When an oil pipeline ruptures, a well-prescribed and documented series of actions must take place if the resulting spill is to be contained, managed, and remediated with the least possible damage to human health and the environment. When these actions do not occur in a timely and organized fashion, the results can be both catastrophic and costly.
For example, the massive oil spill in Michigan has resulted in cleanup efforts nearing the fourth year with ongoing costs exceeding $1 billion. In addition, in 2012, the U.S. Department of Transportation’s (DOT) Pipeline and Hazardous Materials Safety Administration (PHMSA) also handed the company a record $3.7 million civil penalty. And that is not to mention the devastation wrought on the environment and the lives and livelihoods of thousands of affected people in the spill area.
In a recent Federal Register Notice (FR Volume 79, Number 18), PHMSA spelled out the many mistakes made during that event and provides several reminders and suggestions to help identify and rectify deficiencies in FRPs required under 49 CFR 194.
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The first reminder is that FRPs must be updated:
- Every 5 years from the date of last submission or last approval (according to its significant and substantial designation) and
- Whenever new or different operating conditions would affect the implementation of the FRP.
All updating should be done using Appendix A Part 194—Guidelines for the Preparation of Response Plans and submitted, preferably electronically as a PDF, to PHMSA, via e-mail if the files are less than 5 MB, or on a disk or flash drive via courier. Hard copy submissions are also accepted.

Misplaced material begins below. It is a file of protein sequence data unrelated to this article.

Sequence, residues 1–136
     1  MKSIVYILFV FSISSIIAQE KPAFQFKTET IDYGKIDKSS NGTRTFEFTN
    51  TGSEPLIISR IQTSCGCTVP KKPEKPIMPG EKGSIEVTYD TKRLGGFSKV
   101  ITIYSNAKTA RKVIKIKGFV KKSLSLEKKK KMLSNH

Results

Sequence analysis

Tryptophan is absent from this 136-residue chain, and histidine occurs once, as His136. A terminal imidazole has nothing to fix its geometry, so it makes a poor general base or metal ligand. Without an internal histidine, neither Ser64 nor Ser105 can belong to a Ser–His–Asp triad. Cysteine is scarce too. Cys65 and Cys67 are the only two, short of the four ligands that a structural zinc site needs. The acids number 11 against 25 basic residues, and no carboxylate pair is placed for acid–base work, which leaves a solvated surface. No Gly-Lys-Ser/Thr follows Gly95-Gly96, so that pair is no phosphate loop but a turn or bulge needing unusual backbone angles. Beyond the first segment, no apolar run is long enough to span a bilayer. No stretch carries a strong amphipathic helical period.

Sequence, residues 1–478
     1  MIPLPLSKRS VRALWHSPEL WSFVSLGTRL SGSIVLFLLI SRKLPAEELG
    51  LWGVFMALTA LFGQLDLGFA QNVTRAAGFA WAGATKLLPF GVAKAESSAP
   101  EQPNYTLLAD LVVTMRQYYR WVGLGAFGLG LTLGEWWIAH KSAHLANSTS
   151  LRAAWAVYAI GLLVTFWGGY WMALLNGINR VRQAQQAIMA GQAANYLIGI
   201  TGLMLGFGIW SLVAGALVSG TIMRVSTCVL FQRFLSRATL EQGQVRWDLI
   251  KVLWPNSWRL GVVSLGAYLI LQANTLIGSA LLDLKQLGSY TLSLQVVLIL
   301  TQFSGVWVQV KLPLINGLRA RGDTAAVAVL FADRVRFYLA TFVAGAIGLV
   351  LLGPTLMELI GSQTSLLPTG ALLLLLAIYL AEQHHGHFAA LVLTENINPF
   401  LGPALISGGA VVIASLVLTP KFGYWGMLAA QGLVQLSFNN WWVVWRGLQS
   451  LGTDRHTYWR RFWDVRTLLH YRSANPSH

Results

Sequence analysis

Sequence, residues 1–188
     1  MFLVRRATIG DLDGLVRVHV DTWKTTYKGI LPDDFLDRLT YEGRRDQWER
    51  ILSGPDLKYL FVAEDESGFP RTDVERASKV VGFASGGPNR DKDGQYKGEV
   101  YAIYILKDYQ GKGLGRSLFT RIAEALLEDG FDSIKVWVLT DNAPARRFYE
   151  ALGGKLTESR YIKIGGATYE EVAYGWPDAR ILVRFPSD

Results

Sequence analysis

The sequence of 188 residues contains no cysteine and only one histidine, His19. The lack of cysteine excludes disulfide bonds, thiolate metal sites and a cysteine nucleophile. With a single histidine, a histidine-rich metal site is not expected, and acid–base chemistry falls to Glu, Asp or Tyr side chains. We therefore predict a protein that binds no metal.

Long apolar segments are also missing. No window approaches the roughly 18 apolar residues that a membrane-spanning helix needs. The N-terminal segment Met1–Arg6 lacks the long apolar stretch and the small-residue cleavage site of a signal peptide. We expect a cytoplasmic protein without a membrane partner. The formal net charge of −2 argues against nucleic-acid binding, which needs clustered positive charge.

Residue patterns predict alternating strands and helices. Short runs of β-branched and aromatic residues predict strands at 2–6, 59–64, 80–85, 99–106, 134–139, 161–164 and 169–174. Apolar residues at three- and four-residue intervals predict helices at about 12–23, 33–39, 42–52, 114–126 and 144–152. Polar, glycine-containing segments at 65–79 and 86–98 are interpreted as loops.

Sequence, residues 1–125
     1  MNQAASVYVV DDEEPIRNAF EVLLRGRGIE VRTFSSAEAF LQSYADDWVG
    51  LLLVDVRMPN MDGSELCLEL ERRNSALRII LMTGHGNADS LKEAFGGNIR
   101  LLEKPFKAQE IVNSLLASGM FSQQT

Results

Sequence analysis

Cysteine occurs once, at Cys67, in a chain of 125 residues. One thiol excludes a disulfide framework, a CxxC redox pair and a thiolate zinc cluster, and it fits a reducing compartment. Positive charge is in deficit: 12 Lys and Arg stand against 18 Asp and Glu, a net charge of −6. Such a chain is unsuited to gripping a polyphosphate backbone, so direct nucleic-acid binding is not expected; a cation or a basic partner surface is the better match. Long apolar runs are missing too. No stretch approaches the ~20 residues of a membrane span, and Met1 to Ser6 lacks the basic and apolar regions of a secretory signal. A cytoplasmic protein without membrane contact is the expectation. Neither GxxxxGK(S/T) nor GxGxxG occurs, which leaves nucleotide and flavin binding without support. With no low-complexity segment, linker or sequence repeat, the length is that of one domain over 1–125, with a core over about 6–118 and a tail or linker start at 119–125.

The second reminder is that submitted FRPs that meet PHMSA requirements will be posted on PHMSA’s website for public use, although before posting certain personal and security-related information will be redacted, in compliance with the Freedom of Information Act and other related laws.
PHMSA also recommends that owners and operators limit the use of “incorporate by reference” in FRPs, and instead, replace those statements with excerpts from the actual referenced documents or the documents as a whole. While this is not a mandate and incorporating by reference is permitted, however, PHMSA notes that the practice “may inhibit regulators’ and incident responders’ access to and understanding of an FRP during response to oil spill incidents,” when immediate access to such documents as operations, maintenance, and emergency manuals may be required.
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In addition, the Notice also provides insight into five of the most common FRP mistakes resulting in rejection of the plans.
1) Missing, incorrect, or incomplete methodology and calculations used to determine a worst case discharge (WCD). Specifically, PHMSA cites the comparison of volumes of WCDs from the pipeline, breakout tanks, and maximum historical discharge, and the inclusion of an affirmation statement that any of these elements is not applicable, as necessary.
2) Failure to identify incident response resources that are available to respond.
3) Failure to identify environmentally and economically sensitive areas applicable to the pipeline area of operations.
4) Failure to provide provisions that ensure responders are safe at a response site.
5) Failure to provide the name or title and 24-hour telephone number of an operator’s “Qualified Individual” and at least one alternate.
Again, PHMSA recommends oil pipeline owners and operators consult Appendix A of Part 194 and follow the U.S. Coast Guard’s (USCG) regulations pertaining to FRPs to ensure plans meet all requirements and are adequate for worst-case oil discharges.